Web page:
Keep pushing for diagnosis, but know that no matter what ‘name’ or ‘label’ they give it, we should always find doctors who make us FEEL better and not just doctors who make test results LOOK better!

      • Marissa says:

        “you’d think working in the field would make a difference, huh?” I thought the same thing. Unfortunately, that was not the case.

        I will for sure keep looking for answers. However, I am more focused on trying to move forward and have the best quality of life I can.

        Hope you are having a solid weekend!

        Much love,

  10. Josh Woods says:

    Thank you so much for sharing. As I read this (with tears streaming down my face) it brought me back 11 years to the first doctors visit were I too was told it was “all in my head”. I know the feeling of frustration and self doubt, and I am sorry you experienced it too. I am in my 11th year of living with bilateral vestibular loss. I am 35. I’ve never held one of my children, (the oldest is 9) with out being fearful of falling. It shouldn’t have been that way. Depression and not knowing what was wrong with me beat me down for 6 years before diagnosis. I know how you feel and it is ok to be angry and to grieve. You have endured more than most can imagine. Be strong, life continues and your story has already blessed me by hearing again that I am not alone.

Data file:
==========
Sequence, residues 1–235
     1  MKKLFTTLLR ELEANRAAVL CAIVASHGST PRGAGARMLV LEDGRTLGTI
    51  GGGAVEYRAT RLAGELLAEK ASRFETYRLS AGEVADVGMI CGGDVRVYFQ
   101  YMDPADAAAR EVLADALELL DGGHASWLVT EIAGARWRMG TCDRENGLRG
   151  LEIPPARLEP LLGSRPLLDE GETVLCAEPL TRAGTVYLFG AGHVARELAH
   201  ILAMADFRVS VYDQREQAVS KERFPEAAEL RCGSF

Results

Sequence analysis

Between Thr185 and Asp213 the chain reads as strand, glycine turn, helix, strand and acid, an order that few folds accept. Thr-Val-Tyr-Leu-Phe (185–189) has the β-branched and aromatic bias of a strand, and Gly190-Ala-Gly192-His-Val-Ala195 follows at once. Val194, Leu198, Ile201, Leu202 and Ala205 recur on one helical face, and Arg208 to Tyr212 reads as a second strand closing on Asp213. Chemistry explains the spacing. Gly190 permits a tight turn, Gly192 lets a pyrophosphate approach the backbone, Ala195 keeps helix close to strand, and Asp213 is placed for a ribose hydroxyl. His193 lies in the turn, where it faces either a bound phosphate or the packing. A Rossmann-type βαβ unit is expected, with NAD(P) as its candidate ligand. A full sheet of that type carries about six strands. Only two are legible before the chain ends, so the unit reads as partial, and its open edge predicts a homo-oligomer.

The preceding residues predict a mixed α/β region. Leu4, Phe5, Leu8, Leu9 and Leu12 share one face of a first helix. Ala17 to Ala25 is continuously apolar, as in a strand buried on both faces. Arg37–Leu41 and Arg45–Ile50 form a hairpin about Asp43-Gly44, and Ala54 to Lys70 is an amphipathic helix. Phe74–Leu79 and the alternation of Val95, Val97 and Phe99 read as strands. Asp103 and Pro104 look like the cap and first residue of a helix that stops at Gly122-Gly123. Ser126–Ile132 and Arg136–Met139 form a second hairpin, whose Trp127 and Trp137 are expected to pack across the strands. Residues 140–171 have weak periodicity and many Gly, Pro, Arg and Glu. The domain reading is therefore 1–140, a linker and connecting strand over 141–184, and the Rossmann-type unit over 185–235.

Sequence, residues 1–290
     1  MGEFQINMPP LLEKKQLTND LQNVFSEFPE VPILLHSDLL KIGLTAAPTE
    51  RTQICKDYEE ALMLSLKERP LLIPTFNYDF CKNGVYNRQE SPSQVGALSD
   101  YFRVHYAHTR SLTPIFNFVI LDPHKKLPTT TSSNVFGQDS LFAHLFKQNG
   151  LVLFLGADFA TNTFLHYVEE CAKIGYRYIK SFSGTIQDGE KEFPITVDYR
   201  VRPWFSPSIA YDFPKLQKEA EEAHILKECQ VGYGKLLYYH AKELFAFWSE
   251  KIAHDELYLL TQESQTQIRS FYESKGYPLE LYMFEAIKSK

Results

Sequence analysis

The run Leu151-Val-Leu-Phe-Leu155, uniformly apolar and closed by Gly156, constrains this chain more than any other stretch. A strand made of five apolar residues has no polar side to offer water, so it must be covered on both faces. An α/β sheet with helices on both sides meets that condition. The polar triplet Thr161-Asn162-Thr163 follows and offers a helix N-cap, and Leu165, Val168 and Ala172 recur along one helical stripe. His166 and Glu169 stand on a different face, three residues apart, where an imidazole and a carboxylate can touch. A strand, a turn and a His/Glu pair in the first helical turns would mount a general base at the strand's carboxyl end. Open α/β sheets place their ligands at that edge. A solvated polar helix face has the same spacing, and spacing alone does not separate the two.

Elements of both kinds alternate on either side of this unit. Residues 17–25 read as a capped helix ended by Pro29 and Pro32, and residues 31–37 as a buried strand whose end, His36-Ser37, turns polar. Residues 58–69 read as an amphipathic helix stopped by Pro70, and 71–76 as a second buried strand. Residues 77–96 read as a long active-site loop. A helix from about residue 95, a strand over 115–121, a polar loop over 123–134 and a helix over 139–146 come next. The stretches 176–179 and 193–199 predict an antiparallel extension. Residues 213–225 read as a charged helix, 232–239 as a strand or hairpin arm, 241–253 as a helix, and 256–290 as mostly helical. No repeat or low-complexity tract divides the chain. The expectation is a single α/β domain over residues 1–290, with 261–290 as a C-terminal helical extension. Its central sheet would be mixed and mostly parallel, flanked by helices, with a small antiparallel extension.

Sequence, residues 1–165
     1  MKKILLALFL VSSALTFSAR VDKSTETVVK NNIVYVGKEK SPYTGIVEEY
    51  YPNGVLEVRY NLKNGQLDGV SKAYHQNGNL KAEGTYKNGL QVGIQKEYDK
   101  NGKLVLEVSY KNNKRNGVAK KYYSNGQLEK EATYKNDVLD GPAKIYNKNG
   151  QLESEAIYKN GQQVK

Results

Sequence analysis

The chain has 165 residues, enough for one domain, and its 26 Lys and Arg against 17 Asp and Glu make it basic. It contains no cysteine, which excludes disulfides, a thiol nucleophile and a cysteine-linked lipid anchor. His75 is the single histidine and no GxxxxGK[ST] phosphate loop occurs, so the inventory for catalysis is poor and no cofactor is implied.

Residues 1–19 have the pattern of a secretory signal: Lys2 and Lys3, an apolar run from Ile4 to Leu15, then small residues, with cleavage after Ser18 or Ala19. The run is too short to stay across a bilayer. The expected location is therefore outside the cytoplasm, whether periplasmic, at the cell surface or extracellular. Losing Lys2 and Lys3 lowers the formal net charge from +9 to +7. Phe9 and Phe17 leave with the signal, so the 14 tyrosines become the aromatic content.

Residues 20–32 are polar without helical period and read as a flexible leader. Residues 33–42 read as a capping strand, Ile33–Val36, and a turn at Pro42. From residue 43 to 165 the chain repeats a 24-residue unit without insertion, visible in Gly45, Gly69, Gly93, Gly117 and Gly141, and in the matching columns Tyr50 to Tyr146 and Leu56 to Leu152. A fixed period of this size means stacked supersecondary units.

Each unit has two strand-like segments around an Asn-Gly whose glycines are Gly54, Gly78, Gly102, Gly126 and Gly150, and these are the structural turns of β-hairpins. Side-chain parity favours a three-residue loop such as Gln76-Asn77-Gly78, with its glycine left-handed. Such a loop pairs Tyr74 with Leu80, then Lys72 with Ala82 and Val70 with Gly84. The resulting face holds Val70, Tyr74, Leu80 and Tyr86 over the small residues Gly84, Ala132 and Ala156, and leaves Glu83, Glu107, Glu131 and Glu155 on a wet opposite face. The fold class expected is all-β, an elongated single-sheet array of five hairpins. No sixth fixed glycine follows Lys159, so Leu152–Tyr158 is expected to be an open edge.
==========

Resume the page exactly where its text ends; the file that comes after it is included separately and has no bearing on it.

• admin says:

      Josh, thank you so much for your comment. When going through things like this, it’s both sad and comforting that others have been there. I wish no one had to go through it, and yet, it’s nice to know I’m not suffering alone – that sounds so horrible, but I know you who have been there understand too.

      Thank you for taking the time to comment… it means so much!

      Love and stuff,

    • Lynders says:

      Josh, are you doing vestibular therapy? I have unilateral vestibular and I have been like this for 15 years. Did they say what caused yours? Mine was “discovered” during the water in the ears testing and my vestibular therapist said she can tell with examining my eye movement. How do you get by daily?